Almost a year after I first wrote about dancer, I finally got around to building my first site with it. Overall, it is a pretty nice little framework. If you are already familiar with perl and/or the template toolkit, then I highly recommend this for quickly deploying projects.
In my case, I was able to build and deploy a management interface for a smartos zone server in just a few hours. I fleshed it out over the course of a week or so, and how it is in production managing dozens of zones quite easily. The interface talks to a mysql database, a node.js server I wrote as part of the same project, and even manages a local haproxy instance. All of this in such a tiny space that I keep getting weirded out.
In the future I’ll document some of the pitfalls and oddities that I experienced. I found that once I came around to the dancer way of thinking, it got pretty easy and I’ve rarely had to address the documentation since.
in the past couple of weeks, i’ve started looking into the dancer framework. so far, i like what i’ve seen.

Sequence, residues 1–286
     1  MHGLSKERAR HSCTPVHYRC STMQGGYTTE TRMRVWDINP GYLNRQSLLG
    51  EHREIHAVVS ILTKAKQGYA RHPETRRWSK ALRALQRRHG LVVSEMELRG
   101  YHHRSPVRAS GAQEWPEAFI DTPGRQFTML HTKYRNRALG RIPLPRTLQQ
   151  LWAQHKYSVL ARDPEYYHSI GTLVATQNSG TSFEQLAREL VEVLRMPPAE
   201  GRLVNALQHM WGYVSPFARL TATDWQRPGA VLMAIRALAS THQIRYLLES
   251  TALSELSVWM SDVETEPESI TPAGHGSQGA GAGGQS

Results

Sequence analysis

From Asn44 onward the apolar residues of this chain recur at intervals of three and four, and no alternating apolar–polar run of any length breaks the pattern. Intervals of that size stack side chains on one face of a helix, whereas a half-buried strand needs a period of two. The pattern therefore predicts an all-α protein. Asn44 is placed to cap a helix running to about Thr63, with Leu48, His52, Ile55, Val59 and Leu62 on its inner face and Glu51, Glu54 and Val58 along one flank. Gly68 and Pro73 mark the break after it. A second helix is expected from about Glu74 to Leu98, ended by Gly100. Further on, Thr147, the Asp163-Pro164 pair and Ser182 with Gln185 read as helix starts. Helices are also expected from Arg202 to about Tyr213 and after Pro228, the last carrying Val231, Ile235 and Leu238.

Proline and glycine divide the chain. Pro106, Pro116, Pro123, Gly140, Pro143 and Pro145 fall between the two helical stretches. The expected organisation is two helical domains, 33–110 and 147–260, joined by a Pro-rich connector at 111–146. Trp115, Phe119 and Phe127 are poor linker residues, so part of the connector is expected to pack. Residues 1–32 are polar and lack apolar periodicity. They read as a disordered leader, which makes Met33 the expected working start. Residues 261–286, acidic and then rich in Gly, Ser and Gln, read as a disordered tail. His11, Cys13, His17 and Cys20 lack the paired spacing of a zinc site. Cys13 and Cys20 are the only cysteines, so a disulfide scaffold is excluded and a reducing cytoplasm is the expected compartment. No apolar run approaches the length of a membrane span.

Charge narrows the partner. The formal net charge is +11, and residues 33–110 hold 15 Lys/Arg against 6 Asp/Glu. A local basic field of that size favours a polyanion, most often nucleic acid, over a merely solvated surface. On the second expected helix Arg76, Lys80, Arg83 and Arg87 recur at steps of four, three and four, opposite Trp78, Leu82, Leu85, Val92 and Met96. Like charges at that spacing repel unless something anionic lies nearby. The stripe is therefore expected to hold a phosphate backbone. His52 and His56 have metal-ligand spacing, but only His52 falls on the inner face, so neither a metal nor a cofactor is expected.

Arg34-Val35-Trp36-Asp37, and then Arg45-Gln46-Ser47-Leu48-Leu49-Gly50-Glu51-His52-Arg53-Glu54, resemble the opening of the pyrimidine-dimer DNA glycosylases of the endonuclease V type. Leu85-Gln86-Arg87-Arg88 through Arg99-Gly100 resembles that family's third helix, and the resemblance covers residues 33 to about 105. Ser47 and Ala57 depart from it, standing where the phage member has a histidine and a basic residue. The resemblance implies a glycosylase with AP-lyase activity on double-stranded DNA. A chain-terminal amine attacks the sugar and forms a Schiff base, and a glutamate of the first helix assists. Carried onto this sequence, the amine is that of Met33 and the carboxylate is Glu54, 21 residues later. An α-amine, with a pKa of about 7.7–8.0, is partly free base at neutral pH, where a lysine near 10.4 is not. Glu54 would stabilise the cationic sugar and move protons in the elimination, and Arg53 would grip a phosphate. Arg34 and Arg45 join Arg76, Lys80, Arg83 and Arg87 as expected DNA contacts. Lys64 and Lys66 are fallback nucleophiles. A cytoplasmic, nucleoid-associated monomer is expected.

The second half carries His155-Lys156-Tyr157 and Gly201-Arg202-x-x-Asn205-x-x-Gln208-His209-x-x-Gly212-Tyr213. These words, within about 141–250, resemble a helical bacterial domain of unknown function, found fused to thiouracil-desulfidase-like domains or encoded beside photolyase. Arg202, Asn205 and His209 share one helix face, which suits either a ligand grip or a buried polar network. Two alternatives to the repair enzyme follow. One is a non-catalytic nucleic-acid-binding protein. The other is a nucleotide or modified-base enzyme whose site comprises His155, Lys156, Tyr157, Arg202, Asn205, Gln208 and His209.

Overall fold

the most obvious difference between this and, say, catalyst, has been the simpler nature and availability of server implementation documentation. it is also structured very much like my homebrewed framework i’ve been using for years, which made it relatively easy to jump into.
setting up an app with by-url authorization and simple authentication was really easy, and having public and private parts of an app is pretty simple as well. the really nice thing is that all the objects and packages i’ve written for other web apps will be able to plug into this with a minimum of fuss, so the migration pains will be relatively minor.
with this in mind, i’ve paused most of my ongoing projects while i look into porting all of the code over to this new framework. turns out this isn’t a huge problem as i’ve had a bad case of coder’s block lately. but this has gotten me excited about a couple of new projects i want to start, so i’m going to be digging into it a lot more over the next few weeks.